My Biggest Regrets for the “Golden Age” of Being Young

Published on 7/8/2020

What would I tell my 18-21 year old self to do differently?

Those golden years aren’t too long ago, so I feel it’s still fresh enough to reflect on, to see the things I regret now, even a few years later. It’s uncomfortable to realise that most of it is advice my parents told me all along, that I brushed away with my naive youth. But realising these regrets also highlights things to focus on now, to not have such regrets extend through my twenties.

What can you change today, to make your tomorrow better? Never forget how short life is, so grab it by the handful.

1. Stop caring

It feels futile to say, since when you’re that age you care about everything and everyone. Mainly what everyone thinks of you. I look back and it’s true that my main regrets are all the things that I did not do. I was so focused on what people thought of what I was wearing rather than what I wanted to wear. I tried to package myself into what others wanted to see. And that’s why I left this time without a secure identity.

Wear whatever you want to wear. Crop top with that cute strip of tummy bulge. Oversized hoodie. Extensive makeup. No makeup. Shave your head. Grow your hair to your lower back. Shave or don’t shave. Stop caring. Stop looking at your phone because you’re embarrassed to be waiting for someone. Eat alone in a restaurant. Live for yourself. And never let people stop you from doing stuff.

2. Watch better stuff

I’m not going to be unrealistic and say watch less. About the age of eighteen is when I managed to get the password to my stepdad’s Netflix, and there was no going back. Also as a writer, I think it is important to watch shows, learn different storylines and character traits. But I do wish I had watched better stuff. Young Fleurine, don’t rewatch Gossip Girl and 90210 yet again, please watch something with a bit more substance and storyline. Your older, enthusiastic writer self would appreciate it, as now she has a lot to catch up on.

3. Explore & experiment

You only regret the things you don’t do. It’s got some truth in it. I look back at all these moments and opportunities I turned down, mainly due to social pressures of fear. This Golden Age is one for exploration, for discovering. You don’t know who you are yet, you don’t know what you like, and that’s fine, because this is when you find out.

Kiss girls and kiss boys, whichever you want or both. Go further when you want to go further. I look back and hate how fixated I was on my ‘number’. I had moments where I wanted to go further, really wanted to, and I didn’t because I was scared of being labelled as promiscuous, of losing my worth. Your worth isn’t in who you have sex with, your worth is in whether you are living your best life and proud of yourself.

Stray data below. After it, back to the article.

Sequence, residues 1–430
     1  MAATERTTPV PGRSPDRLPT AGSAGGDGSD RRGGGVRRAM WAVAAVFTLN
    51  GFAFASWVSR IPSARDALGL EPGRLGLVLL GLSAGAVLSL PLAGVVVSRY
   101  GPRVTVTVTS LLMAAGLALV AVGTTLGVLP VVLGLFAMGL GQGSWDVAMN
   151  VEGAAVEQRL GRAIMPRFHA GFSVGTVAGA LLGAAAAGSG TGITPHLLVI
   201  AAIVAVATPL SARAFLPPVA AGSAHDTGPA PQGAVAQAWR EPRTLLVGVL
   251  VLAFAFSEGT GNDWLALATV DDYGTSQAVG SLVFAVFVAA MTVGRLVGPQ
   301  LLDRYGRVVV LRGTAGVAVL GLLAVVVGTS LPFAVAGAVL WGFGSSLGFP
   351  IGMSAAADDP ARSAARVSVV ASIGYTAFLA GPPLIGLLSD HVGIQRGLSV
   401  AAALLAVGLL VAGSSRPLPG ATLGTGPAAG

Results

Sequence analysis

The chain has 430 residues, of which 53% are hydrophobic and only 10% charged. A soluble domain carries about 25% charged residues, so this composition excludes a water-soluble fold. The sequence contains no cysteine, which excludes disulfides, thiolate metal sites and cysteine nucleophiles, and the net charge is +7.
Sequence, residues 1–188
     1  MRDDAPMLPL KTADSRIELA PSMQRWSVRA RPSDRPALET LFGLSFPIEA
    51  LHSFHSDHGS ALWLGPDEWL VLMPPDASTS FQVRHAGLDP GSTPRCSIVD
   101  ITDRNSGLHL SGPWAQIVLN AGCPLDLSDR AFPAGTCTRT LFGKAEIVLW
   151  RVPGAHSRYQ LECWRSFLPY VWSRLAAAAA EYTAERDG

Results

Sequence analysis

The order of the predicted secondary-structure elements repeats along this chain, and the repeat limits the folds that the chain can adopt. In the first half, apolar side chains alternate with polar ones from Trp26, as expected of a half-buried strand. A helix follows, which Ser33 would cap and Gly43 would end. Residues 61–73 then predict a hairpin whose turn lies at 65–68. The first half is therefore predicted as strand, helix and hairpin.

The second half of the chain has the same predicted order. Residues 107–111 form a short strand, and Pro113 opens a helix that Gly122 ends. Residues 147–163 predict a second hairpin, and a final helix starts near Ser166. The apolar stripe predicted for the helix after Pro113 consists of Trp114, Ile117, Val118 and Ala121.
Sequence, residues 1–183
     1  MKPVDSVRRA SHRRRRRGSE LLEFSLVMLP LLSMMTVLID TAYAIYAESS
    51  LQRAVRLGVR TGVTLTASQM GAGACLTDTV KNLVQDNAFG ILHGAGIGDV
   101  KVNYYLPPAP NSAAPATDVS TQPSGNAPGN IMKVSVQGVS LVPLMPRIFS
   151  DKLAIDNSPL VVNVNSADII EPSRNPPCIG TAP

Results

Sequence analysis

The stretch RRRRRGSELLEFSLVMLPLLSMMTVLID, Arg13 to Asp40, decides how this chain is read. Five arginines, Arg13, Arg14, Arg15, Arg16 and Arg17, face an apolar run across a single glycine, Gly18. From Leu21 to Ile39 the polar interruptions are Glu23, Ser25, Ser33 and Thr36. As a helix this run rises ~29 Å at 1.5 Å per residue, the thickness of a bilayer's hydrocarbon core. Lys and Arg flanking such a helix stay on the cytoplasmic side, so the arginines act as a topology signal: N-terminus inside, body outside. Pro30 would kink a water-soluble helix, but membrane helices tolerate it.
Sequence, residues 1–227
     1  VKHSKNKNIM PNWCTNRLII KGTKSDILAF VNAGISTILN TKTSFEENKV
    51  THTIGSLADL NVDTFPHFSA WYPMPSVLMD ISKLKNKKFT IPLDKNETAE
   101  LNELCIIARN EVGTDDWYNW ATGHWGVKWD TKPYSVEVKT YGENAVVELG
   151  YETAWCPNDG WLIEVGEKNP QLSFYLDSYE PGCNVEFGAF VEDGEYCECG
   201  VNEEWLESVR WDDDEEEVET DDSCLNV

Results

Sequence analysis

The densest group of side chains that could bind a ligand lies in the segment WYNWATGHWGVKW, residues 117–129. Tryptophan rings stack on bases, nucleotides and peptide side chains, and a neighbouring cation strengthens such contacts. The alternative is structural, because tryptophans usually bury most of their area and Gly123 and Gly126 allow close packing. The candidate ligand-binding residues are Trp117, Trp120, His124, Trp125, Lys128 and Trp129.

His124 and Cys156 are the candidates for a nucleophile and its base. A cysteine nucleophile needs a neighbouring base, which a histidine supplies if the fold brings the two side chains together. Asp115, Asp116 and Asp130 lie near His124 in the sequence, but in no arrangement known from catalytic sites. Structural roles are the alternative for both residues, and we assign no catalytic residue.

I wish I had explored more sexually. I wish I had explored more in terms of clothing and hairstyle, tried new things, dared to be different. I wish I had explored interests and hobbies, foods and different sports. Like a buffet of life, taking a little bit of everything on my plate so I know what to grab for seconds.

4. Spend away

Here’s where people might disagree with me. I don’t believe your "Golden Age" should be focused on saving. There are anomalies of course. But I believe post twenty-one is when that can start becoming a thought. Like I said, there is plenty to try and experience. So travel, spend your money by visiting new places and exploring cultures so different to your own. Spend money on nights out, if they lead to memories that you want to hold on to. Spend your money on days out, meals with friends. Work and earn money, but then let yourself enjoy it too. This is the least amount of responsibilities you’ll ever have, cherish that. Once you’re working full time, money will never feel as light again.

5. Stop borrowing an identity

I don’t know why people say that you discover your identity as a teenager, it really isn’t true. You succumb to pressures and steal identities. I thought I knew myself so many times, but I still don’t know. It was terrifying to leave university, turn twenty-two and realise I had no idea who I was. I actually liked discussing films and watching a variety of them, something that I had been led to believe was pretentious. I loved cooking. I preferred staying in to going out, something people at my university wouldn’t have believed. I want to be a writer, and I’m not embarrassed of it anymore, as it defines me.

You have an incredible identity, you don’t need to borrow someone else’s. You don’t need to pretend to be confident, when secretly you feel like more of an introvert and think it’s wrong. You don’t need to be shy if you’re not, it won’t make you ‘cuter’. You can be sporty, but you can also be lazy if you prefer. Stop thinking of identity as something you buy as a set, you can pick n’ mix your traits as you go.